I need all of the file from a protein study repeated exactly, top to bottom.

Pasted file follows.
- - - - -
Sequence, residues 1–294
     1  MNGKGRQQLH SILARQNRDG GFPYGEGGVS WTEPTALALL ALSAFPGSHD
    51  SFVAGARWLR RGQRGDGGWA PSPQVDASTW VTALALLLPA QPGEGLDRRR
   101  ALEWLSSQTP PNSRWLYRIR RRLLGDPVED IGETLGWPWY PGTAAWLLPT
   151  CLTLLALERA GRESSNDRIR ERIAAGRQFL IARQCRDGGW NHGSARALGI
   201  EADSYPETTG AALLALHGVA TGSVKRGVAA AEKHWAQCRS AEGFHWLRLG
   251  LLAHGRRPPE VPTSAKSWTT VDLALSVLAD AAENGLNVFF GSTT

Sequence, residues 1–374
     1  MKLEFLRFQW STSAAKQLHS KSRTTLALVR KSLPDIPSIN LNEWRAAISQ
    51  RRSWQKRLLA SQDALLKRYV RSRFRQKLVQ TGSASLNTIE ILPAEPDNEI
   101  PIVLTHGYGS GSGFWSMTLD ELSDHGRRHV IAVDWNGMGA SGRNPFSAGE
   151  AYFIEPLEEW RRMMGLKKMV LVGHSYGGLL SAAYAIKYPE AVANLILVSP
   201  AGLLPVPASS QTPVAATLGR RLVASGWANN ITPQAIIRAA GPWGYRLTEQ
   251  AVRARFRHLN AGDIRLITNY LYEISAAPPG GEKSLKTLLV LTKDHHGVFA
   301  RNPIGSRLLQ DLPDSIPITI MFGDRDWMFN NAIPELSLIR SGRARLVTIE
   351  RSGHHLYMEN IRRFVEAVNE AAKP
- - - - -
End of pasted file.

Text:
Sequence, residues 1–294
     1  MNGKGRQQLH SILARQNRDG GFPYGEGGVS WTEPTALALL ALSAFPGSHD
    51  SFVAGARWLR RGQRGDGGWA PSPQVDASTW VTALALLLPA QPGEGLDRRR
   101  ALEWLSSQTP PNSRWLYRIR RRLLGDPVED IGETLGWPWY PGTAAWLLPT
   151  CLTLLALERA GRESSNDRIR ERIAAGRQFL IARQCRDGGW NHGSARALGI
   201  EADSYPETTG AALLALHGVA TGSVKRGVAA AEKHWAQCRS AEGFHWLRLG
   251  LLAHGRRPPE VPTSAKSWTT VDLALSVLAD AAENGLNVFF GSTT

Sequence, residues 1–374
     1  MKLEFLRFQW STSAAKQLHS KSRTTLALVR KSLPDIPSIN LNEWRAAISQ
    51  RRSWQKRLLA SQDALLKRYV RSRFRQKLVQ TGSASLNTIE ILPAEPDNEI
   101  PIVLTHGYGS GSGFWSMTLD ELSDHGRRHV IAVDWNGMGA SGRNPFSAGE
   151  AYFIEPLEEW RRMMGLKKMV LVGHSYGGLL SAAYAIKYPE AVANLILVSP
   201  AGLLPVPASS QTPVAATLGR RLVASGWANN ITPQAIIRAA GPWGYRLTEQ
   251  AVRARFRHLN AGDIRLITNY LYEISAAPPG GEKSLKTLLV LTKDHHGVFA
   301  RNPIGSRLLQ DLPDSIPITI MFGDRDWMFN NAIPELSLIR SGRARLVTIE
   351  RSGHHLYMEN IRRFVEAVNE AAKP